Please, click here to read this article in pdf format: june-4-20101 This short week is ending on a strange note. We’ve witnessed an escalation in geopolitical conflicts, from the Mediterranean to the Korean Sea. We’ve learned that the oil spill in the Gulf of Mexico will continue to exist for longer than expected. We’ve heard [...]
Please, click here to read this article in pdf format: june-4-20101
This short week is ending on a strange note. We’ve witnessed an escalation in geopolitical conflicts, from the Mediterranean to the Korean Sea. We’ve learned that the oil spill in the Gulf of Mexico will continue to exist for longer than expected. We’ve heard Mr. Buffet express concerns over the state of municipal finances in the US and the systemic significance of credit default swaps. We’ve seen the first G-7 central bank (i.e. Bank of Canada) start raising policy rates.
Finally, yesterday we realized again that the European Union can surprise us in new ways, with the news of Hungary’s fiscal budget gap. We’ve decided to show below a chart (source: Bloomberg) that we think shows what triggered the action yesterday, and which perhaps will contribute to a sell-off today (Friday). In this chart, we see the EUR (in white) vs. the S&P500 (in orange) intraday. We can see how right before 10am ET, as UBS Strategist Manik Narain was making comments on an earlier press conference by Prime Minister Orban in Brussels, the Euro clearly resumed its downward trend.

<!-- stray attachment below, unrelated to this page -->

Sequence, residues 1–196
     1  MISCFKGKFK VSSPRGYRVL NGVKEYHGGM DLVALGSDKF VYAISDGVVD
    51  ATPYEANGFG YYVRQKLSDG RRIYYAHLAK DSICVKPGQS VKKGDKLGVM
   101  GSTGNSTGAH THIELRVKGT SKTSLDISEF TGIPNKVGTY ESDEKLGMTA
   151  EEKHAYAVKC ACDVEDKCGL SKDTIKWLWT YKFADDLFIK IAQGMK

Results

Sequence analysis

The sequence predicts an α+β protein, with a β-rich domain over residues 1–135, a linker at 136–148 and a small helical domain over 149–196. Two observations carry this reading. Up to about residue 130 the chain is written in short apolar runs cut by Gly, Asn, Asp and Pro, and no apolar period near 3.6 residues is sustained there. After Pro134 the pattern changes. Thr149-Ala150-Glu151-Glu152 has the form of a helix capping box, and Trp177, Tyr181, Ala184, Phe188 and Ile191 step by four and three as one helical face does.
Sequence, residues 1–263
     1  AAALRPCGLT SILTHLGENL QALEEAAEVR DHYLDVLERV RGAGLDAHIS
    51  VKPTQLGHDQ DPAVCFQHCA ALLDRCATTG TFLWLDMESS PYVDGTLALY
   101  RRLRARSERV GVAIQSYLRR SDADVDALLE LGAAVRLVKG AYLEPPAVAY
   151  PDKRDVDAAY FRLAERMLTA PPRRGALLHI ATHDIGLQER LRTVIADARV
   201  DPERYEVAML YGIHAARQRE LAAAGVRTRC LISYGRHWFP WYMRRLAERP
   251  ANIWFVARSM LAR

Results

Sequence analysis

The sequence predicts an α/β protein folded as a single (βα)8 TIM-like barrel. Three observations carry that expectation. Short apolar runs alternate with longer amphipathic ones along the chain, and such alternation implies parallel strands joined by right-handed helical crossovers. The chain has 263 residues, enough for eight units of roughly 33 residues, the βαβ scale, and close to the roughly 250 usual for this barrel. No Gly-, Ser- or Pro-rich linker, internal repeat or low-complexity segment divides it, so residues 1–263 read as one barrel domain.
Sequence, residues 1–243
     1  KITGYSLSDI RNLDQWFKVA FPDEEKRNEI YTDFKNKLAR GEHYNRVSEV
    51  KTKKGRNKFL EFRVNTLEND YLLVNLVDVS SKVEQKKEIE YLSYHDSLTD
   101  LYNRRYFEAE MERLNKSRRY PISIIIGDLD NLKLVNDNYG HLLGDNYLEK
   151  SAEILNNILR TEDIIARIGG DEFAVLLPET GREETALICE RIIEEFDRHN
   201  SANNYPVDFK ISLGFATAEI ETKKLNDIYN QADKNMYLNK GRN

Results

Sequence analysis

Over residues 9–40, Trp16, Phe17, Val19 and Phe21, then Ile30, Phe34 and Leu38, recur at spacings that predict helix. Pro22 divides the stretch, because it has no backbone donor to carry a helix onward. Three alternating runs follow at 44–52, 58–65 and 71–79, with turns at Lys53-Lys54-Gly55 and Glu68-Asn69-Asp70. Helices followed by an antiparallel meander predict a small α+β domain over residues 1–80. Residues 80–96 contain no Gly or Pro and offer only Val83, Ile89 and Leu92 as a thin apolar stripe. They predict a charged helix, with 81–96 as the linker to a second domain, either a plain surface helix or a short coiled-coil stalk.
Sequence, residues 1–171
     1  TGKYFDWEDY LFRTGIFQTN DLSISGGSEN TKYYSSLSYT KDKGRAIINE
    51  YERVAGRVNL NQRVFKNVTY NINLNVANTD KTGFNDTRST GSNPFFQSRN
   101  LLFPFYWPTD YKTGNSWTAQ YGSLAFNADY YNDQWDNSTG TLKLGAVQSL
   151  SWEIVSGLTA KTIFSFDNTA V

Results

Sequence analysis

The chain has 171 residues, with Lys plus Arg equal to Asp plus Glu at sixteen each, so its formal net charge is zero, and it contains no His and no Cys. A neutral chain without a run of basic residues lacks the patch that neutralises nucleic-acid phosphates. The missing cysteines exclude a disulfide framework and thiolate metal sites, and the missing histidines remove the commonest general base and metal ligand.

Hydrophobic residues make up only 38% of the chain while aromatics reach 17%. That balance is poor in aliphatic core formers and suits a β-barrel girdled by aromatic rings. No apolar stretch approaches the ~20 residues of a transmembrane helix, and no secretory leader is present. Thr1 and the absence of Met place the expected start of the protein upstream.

The chart also shows the S&P500 Index, as a reminder of how global sovereign risk has become. During the rest of the session, the index tried to get back to its intraday high of 1,105.67pts on the back of a rising price of oil, after the announcement by US Minerals Management Service of the prohibition of drilling in the Gulf, regardless of water depth.
What concerned us a bit was what we see as a “relative” (the operative word here is relative) underperformance in gold, in the face of these news. We prefer to think profit-taking may have been involved, given how crowded the short EUR/long gold trade is. But the trend in gold, which is nothing else but the reflection of the steady erosion of fiat currencies, remains upward.
We also think that there continues to be confusion in the analysis of the EUR problem. The latest one consists in criticizing the ECB for lack of clarity in its bond purchases (refer: BankofAmerica’s “Global Rates Weekly: Europe’s turn to act quickly and with clarity” May 28th, 2010). We don’t think this is a problem of “form” but of “content”.
While the Fed gave details about its unsterilized asset purchases, the ECB will not. But we explained why this is so:
The Fed was financing what we call in Economics a “stock”, i.e. “…a variable that is measured at one specific time, and represents a quantity existing at that point in time, which may have accumulated in the past...” (http://en.wikipedia.org/wiki/Stock_and_flow ). The ECB is financing “flows”, deficits, or “…a variable that is measured over an interval of time…” Therefore, by definition, we cannot know that variable until the interval of time ends…When will deficits end? Exactly!! Nobody knows! Thus, it is naïve to ask more clarity on this issue from the ECB. The only thing that is clear here is that the Euro, i.e. the liabilities of the ECB will necessarily have to depreciate as long as that interval of time exists, until a clear reduction in the deficits is seen.
At “A View from the Trenches” we were ahead of the curve, anticipating this “content problem” (refer: www.sibileau.com/martin/2010/05/10, “What to expect when you are expecting”), associated with secondary market purchases even before the announcement of the ECB’s plan. Back then we wrote: